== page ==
Spinal Fusion - Stabilizing the Spine


Spinal fusion is an advanced technique in which two or more of the vertebrae of the spine are united together ("fused") so that motion no longer occurs between them. Instead, two or more vertebrae are joined to form a single unit. Essentially, spinal fusion strengthens the spine and may be performed in conjunction with a discectomy. Spinal fusion can be equated to the way broken bones heal. It is a process and may take time, depending on the patient’s medical condition, history of health conditions and the procedure itself.

Spinal fusion is considered for a number of reasons. These include treatment of a fractured (broken) vertebra; correction of deformity (spinal curves or slippages); elimination of pain from painful motion; spine instability; and treatment of some disc herniations.

The location of the incision depends on where the spinal fusion will be performed. So this can take place over the vertebrae in the front of the neck, on the side of the spine or over the abdomen. Then, Dr Szabo prepares the bone graft, taking one from the bone bank or the patient's pelvis. Afterwards, he places the bone graft between the conjoined vertebrae for the two points to unify.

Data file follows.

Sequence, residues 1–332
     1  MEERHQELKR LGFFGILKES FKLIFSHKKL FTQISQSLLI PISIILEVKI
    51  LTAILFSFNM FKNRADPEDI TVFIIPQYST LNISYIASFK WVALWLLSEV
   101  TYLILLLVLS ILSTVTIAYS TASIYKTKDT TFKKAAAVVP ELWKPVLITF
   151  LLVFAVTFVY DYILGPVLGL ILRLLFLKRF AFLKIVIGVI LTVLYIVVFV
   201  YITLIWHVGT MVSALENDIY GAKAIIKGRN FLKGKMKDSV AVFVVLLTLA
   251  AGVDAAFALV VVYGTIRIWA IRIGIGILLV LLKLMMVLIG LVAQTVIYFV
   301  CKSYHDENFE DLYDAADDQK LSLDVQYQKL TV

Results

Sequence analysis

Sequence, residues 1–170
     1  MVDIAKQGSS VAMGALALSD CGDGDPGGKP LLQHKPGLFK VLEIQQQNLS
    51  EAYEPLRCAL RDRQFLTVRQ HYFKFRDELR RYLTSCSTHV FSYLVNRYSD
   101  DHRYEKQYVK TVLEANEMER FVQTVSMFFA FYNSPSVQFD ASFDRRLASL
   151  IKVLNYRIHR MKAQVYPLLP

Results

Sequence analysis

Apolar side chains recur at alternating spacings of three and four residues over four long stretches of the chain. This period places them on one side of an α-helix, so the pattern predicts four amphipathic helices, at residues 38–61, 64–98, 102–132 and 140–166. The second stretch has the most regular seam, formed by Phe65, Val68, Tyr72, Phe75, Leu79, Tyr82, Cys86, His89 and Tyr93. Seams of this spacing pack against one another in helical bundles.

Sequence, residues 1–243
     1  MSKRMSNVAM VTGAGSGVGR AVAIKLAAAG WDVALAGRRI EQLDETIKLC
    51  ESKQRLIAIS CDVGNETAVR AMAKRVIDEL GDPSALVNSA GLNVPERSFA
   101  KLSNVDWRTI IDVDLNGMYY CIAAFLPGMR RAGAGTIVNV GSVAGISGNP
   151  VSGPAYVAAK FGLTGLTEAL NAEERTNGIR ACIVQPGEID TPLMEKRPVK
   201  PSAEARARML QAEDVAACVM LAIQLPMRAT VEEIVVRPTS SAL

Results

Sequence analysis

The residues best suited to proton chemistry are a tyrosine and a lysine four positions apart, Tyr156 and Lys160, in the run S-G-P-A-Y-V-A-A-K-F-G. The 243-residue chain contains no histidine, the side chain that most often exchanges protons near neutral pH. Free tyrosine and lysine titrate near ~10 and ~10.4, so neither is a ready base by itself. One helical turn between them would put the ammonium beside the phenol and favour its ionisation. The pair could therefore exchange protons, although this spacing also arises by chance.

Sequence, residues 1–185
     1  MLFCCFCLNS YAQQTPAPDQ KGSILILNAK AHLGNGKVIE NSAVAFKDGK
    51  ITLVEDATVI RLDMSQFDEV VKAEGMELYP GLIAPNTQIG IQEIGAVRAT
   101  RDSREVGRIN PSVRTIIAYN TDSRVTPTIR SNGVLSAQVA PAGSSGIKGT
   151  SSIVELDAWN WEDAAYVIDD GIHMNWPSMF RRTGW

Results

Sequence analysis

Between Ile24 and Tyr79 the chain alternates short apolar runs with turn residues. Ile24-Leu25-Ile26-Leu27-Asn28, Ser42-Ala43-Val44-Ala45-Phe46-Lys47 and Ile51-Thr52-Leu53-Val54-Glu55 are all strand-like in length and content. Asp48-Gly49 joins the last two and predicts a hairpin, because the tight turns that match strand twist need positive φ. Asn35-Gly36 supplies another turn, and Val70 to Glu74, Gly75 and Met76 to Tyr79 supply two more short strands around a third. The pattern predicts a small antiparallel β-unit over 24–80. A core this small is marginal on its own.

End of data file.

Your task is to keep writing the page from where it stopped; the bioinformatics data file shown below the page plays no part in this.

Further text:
In most cases of spinal fusion surgery, instrumentation (Screws, rods and metal plates) are used to stabilise the spine. For example, in a posterolateral fusion, a bone graft is placed over the transverse processes and other parts in the back of the spine then pedicle screws and rods are inserted to reinforce the spine until the bone graft heals.

Adding the instrumentation with bone graft fusion increases the strength of the spine directly after surgery and may decrease the need for postoperative bracing. Patients often remain in the hospital for four days to a week following the procedure and should avoid heavy lifting, bending, twisting, and turning for six to twelve weeks.


1Is spinal fusion a long surgery?
Spinal fusion can take anywhere between 2 and a half to seven hours. This surgery helps a few vertebrae join into a single piece of bone.
2How long will it take for me to recover after spinal fusion surgery?
It can take anywhere between four to six weeks after surgery to recover
3How do I know I can start exercising again after spinal fusion surgery?
Dr Szabo has to carry out an x-ray to see how well the spine is healing. Usually, within 6-12 months after surgery, you can begin exercising and bending again.